In the late 1600s and early 1700s, three bay stallions of Middle Eastern descent stood at stud in England: the Darley Arabian from Syria, the Godolphin Arabian from Yemen, and the Byerley Turk from Arabia. Their fine conformation, speed and overall quality made them logical choices for breeding to local mares of European blood. Each left their mark on the lineage of British horses.
In Georgian England, the horses that resulted from crossing these Middle Eastern stallions with English mares proved they could carry a rider’s weight with speed over long distances. With such fast horses at the ready, horse racing went from a casual pastime to a popular sport among the British aristocracy. Selective breeding for speed and endurance increased, ultimately creating the swiftest horse in the world: the Thoroughbred.
Making it Official
To preserve these breeding records, the first volume of the General Stud Book was published in 1791, and featured the pedigree of mares that could be traced back to those three original foundation stallions. Today, each one of these stallions can be found in the pedigree of every Thoroughbred horse.
Racing also became popular in America in the 1700s, where Thoroughbreds had already found their way across the pond. The first volume of the American Stud Book—the U.S. version of Britain’s horse registry—was published in 1873. The Jockey Club was established not long after to be the principal governing body dedicated to the registry of Thoroughbred horses in America.
Today, the Jockey Club maintains the pedigrees of all Thoroughbreds in the U.S. The club’s database contains more than 1.8 million horses in a master pedigree file, including names of horses that trace back to the late 1800s. Approximately 22,000 Thoroughbreds are registered each year with the organization.
Legends of Sport
Thoroughbreds are incredibly athletic, and though they are most famous for their skills on the track, their talents aren’t limited to racing. The Thoroughbred has become the breed of choice for many riders who compete at all levels in the sport horse disciplines of dressage, eventing and show jumping.
To help encourage second careers for racing Thoroughbreds, the Jockey Club sponsors the Thoroughbred Incentive Program (TIP), which encourages the retraining of Thoroughbreds into other disciplines. Horses retired from racing, unraced horses, and horses retired from breeding often find success in jobs other than racing.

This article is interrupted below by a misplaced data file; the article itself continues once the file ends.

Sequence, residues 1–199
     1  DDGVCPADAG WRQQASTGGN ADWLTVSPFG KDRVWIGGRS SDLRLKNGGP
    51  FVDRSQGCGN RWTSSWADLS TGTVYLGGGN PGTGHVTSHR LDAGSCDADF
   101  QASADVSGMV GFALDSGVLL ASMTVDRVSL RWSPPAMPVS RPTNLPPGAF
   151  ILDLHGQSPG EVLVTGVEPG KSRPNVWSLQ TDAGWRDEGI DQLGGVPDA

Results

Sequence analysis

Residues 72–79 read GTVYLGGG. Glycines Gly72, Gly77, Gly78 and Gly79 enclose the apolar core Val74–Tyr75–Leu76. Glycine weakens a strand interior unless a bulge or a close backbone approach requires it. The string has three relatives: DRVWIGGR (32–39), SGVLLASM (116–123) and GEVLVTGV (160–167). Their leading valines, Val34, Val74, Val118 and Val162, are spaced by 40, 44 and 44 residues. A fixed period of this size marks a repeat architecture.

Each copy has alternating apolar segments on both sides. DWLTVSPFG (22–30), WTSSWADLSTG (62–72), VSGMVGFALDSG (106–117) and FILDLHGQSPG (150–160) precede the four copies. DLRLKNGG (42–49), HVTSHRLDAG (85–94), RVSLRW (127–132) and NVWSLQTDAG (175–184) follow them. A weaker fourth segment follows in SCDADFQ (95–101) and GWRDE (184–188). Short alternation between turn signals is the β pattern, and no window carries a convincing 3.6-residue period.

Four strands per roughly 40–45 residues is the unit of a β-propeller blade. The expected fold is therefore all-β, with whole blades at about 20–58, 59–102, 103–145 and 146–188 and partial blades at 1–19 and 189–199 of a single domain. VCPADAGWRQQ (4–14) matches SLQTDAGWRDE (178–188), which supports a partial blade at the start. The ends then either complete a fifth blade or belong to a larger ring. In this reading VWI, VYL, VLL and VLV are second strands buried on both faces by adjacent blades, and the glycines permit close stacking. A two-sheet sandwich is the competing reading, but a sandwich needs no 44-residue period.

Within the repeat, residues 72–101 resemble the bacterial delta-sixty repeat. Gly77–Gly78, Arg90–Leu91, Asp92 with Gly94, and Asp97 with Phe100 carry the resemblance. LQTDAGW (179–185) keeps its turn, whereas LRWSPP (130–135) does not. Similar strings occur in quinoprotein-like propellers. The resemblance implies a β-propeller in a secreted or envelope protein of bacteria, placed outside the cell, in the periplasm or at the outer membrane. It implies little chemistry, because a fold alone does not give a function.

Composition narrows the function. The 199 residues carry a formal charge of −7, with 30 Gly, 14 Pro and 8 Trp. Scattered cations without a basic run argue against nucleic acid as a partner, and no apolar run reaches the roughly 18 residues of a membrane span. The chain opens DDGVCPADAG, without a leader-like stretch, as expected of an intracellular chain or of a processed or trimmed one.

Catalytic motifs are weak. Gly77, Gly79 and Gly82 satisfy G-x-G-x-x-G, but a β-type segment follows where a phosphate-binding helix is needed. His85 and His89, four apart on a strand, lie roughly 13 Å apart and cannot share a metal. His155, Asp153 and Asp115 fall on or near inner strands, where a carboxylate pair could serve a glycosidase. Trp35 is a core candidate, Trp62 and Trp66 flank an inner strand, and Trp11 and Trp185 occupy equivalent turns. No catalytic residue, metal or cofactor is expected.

Over the past several decades in particular, trainers dedicated to the retraining of off-the-track Thoroughbreds for use as sport horses have found great success.
A horse named Keen was one of these, helping win team bronze in dressage at the 1976 Olympics—the first U.S. medal in dressage since 1948. The 17.2-hand chestnut gelding was too big to be a racehorse, but with rider Hilda Gurney, he helped put dressage on the map in the United States.
More recently, a 12-year-old former racehorse became the latest of many Thoroughbred stars in the sport of eventing. Although he never showed promise on the track, Blackfoot Mystery—affectionately called “Big Red”—turned into a top-level eventer. With rider Boyd Martin, he competed at the 2016 summer Olympics in Rio de Janeiro, where he showed heart and talent.
Probably the most famous Thoroughbred Olympic competitor is Touch of Class. A 16-hand bay mare, she was part of the U.S. Equestrian Team at the 1984 Olympics in Los Angeles, and helped bring home gold medals in the individual and team show jumping events. She went on to be inducted into the Show Jumping Hall of Fame in 2000.
These three famous Thoroughbreds and the many others who are competing in dressage, eventing and show jumping prove that when it comes to speed, endurance and heart, the Thoroughbred is hard to beat.
Thoroughbred Fast Facts
Height: 15 to 17 hands
Color: Bay, chestnut, black, brown and gray.
Overall Appearance: Lean and lanky, with a straight head, high withers, and long, fine legs.
Registry: The Jockey Club
This article originally appeared in the June 2018 issue of Horse Illustrated magazine. Click here to subscribe!